And here we have a great shot of a driver whose name became synonymous with the “New London Waterford” Speedbowl, the much-accomplished Don Collins. Arguably the greatest driver to have ever emerged from the shoreline oval he set the standard from his debut in the early-fifties, until his retirement at the dawn of the seventies. He was the first driver to amass over one-hundred victories (including both Modified & Non-Ford competition), the first to garner five championships, and perhaps more importantly, he was among the first to set an example in true-sportsmanship and class. Inducted into the New England Auto Racing Hall of Fame in 2005, his career actually began at the Thompson Speedway in 1948 when he’d built a car for another would-be racer. When the guy didn’t show-up, a young Collins took the wheel, and we all know the rest of the story. His career was actually a relatively brief-affair by today’s standards. It’s anyone’s guess how many more checkers waited had he not called-it-quits in 1970 while still very-much in his prime. (Shany Lorenzent Photo, R.A. Silvia Archives).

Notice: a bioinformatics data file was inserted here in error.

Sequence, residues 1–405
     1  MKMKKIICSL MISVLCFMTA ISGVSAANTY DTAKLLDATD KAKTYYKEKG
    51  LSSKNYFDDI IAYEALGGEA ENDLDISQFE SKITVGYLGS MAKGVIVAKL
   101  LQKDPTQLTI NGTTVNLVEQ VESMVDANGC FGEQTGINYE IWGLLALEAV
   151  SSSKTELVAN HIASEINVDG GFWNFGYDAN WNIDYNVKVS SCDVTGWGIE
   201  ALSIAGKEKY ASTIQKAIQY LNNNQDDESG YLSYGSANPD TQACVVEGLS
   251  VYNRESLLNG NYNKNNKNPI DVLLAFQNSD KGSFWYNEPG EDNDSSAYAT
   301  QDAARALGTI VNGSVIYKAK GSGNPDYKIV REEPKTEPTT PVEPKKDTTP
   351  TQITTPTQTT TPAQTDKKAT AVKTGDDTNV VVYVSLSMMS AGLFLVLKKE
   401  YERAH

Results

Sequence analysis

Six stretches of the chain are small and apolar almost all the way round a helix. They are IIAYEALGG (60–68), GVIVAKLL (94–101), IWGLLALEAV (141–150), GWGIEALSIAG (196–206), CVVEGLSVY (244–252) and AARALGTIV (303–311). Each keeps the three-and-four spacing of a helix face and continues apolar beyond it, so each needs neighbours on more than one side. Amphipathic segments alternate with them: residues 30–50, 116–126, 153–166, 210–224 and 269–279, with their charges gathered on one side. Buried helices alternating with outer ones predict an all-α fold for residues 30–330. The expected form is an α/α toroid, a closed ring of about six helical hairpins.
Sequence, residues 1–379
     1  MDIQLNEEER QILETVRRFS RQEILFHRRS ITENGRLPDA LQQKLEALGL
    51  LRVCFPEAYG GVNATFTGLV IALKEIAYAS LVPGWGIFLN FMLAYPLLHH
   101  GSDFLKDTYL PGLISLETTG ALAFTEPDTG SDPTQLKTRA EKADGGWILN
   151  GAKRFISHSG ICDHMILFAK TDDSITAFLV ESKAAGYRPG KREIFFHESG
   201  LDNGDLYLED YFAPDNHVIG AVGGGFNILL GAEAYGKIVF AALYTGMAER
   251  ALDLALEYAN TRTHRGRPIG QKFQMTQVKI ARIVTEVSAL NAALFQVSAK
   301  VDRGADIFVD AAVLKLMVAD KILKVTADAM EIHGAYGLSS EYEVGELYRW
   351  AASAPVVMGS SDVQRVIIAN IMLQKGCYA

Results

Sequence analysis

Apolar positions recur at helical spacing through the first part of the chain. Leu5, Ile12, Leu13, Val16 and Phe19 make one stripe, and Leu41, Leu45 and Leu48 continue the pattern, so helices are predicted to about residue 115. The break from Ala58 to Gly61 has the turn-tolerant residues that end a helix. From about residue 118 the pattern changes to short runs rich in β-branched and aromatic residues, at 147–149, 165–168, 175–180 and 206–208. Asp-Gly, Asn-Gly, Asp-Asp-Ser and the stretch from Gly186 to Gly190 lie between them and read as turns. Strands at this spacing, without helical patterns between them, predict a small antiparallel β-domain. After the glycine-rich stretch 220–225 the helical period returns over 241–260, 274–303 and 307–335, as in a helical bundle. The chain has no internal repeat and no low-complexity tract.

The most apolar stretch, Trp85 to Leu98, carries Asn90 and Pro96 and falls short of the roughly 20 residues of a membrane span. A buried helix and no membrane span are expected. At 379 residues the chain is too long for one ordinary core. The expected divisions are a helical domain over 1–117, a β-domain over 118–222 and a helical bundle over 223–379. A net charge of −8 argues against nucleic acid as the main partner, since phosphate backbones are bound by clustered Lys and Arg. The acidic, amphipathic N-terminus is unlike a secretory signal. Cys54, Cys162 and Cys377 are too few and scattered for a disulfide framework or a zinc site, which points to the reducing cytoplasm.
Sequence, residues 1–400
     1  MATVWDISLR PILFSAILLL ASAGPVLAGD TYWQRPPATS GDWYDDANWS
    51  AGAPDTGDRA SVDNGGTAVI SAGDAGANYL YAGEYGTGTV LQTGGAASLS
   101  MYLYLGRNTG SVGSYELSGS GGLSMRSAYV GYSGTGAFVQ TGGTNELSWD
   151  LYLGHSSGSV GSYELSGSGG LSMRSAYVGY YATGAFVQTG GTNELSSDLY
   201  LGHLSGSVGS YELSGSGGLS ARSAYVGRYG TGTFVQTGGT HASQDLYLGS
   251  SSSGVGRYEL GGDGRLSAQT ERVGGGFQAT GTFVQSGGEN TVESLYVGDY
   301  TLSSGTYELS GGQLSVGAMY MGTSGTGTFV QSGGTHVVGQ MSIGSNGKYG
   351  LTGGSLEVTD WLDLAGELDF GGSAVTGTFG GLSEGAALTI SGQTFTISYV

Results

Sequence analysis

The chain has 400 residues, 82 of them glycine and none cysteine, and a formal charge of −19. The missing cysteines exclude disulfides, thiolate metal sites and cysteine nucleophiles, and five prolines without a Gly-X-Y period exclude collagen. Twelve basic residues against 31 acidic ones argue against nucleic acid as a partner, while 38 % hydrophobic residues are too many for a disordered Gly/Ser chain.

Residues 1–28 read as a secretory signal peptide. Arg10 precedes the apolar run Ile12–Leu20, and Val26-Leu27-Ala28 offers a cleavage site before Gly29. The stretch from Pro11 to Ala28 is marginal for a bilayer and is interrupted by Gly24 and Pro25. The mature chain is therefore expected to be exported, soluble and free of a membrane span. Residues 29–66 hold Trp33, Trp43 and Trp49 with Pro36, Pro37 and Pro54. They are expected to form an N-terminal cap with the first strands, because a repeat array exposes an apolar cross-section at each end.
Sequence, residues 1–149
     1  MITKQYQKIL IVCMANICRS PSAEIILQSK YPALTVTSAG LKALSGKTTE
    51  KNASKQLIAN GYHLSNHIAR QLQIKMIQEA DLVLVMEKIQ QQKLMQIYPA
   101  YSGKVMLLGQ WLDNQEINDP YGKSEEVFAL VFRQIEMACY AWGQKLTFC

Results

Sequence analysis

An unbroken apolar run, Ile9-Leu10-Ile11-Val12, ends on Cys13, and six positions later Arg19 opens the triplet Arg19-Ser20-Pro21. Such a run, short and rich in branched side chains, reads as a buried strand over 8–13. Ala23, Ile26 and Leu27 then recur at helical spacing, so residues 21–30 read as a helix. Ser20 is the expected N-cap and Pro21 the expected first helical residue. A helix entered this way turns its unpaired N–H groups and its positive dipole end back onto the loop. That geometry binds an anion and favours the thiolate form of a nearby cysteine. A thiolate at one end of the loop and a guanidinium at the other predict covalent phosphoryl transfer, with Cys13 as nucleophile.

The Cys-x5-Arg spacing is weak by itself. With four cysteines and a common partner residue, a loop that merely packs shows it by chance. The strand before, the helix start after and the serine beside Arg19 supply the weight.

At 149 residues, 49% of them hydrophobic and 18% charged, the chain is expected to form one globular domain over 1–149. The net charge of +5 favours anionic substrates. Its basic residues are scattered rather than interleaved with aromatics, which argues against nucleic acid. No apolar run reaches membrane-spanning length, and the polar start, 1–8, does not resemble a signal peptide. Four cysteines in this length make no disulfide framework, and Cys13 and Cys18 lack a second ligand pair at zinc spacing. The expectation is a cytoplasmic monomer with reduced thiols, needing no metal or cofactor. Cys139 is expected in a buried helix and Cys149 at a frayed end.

Another Saturday night, another checkered flag…. Norwich, Connecticut native the late Dick Beauregard was one of the absolute-best during the formative years at what was then-known as the “New London-Waterford” Speedbowl. Simply-stated, he was another of the drivers that really put the Speedbowl on the map during its early days. Scoring a total of 65 feature victories and a pair of track championships in 1952 & 1963, it leaves one to wonder just how much-more success lay ahead had he not bowed out of the sport following his final track crown. Do ya’ think his supporters look pleased in this shot??? (Shany Lorenzent Photo, R.A. Silvia Archives).